“I attended a convention over the weekend, and I couldn’t believe that reps had nothing they could share with physicians except their sales aids,” says Kelly. “Pens and pads are off limits now, but there’s an appropriate venue for a med ed company to be developing materials that could be used at the booth.” Think thumb drives loaded with presentations, podcasts, even Tweets. “There’s still a fair amount of conservatism in clients, but for non-accredited med ed, it’s really about how creative you can be in using some of these new tools.”
KnowledgePoint360 is another firm that’s bailing out of CME to focus on the non-accredited side. “We’ve made a strategic decision to leave the CME business, but our growth on the promotional side will offset that,” says president and CEO Jon Bigelow.
In particular, the firm is seeing its electronic initiatives gain traction. “A few years ago, physicians were considered slow adapters of new electronic tools, but this has completely changed,” says Bigelow. “KnowledgePoint360 has been introducing additional web-enabled educational initiatives and looking at ways to employ social media, podcasts and other technologic advances to serve healthcare providers. So far, this has been additive—we are seeing larger audiences than ever for this year’s live events, but we are also seeing growing web traffic.”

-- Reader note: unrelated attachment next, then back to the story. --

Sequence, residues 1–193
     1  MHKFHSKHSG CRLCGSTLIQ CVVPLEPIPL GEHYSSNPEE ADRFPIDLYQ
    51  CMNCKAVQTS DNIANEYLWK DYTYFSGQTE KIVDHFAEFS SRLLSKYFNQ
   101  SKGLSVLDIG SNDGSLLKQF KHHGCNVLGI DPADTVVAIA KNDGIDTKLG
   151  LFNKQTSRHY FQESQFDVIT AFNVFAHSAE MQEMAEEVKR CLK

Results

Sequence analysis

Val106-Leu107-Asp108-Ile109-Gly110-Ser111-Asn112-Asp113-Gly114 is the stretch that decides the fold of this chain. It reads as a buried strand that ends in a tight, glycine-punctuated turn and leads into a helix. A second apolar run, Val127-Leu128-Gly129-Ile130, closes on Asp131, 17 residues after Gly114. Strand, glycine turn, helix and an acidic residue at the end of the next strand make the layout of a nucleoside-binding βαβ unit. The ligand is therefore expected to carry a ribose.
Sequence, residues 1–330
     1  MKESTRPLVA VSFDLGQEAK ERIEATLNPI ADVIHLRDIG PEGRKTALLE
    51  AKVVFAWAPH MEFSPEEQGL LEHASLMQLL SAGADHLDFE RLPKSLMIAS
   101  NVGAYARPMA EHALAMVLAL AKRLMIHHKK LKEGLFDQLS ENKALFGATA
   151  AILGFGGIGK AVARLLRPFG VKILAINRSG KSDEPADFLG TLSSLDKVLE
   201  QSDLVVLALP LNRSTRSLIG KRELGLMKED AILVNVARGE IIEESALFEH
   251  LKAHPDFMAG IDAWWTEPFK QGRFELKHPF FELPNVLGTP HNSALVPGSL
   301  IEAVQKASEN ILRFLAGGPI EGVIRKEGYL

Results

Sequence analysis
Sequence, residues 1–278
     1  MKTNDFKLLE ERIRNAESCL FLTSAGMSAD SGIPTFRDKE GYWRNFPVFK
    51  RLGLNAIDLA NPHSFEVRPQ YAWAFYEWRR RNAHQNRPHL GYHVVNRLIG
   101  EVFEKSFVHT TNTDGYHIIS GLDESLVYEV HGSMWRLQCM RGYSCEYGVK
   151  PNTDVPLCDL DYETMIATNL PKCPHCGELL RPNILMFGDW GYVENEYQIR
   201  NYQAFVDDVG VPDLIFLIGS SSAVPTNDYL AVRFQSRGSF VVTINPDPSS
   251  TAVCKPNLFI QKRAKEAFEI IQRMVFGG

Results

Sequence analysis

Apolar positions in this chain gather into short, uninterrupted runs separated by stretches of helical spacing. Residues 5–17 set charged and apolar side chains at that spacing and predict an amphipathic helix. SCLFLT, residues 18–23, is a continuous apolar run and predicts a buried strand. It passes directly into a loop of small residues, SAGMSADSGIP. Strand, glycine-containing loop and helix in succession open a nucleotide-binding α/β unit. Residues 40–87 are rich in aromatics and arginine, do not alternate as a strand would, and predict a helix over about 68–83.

With traditional means of educating physicians on the wane, electronic media could soon subplant events and printed materials as the top venue for medical education, just as e-CME is booming and mobile CME offerings are gaining steam.
“Non-accredited medical education gives clients an opportunity to tell their story with a little more freedom, but counterbalancing that you have their own regulatory departments,” says Dave Leyden, president of Alert Marketing, which is seeing an increase in multi-channel education projects. “It gives companies a little more leeway in terms of setting and presenting their product story, but they’re still going to have to be in compliance with the product labeling.”
The scrutiny around CME has had some positive effects, says KnowledgePoint360’s Bigelow, who cites widespread adoption of Good Publication Practices guidelines aimed at increasing transparency around content and funding, as well as clinical trials registries and the use of opinion leaders.
“The CME market has gotten bogged down in disputes, misperceptions and misguided initiatives, and many of the pharma industry’s critics have gone to illogical extremes that will hurt the healthcare system and patient care,” says Bigelow. “But at the heart of the issue, it is important for the healthcare system to operate more transparently and with appropriate recognition or avoidance of conflict of interest. Through most areas of non-accredited medical education, market leaders like us are working to ensure greater transparency in the process, while still providing the communications services that are so important to educating clinicians.”
From the June 15, 2009 Issue of MM+M - Medical Marketing and Media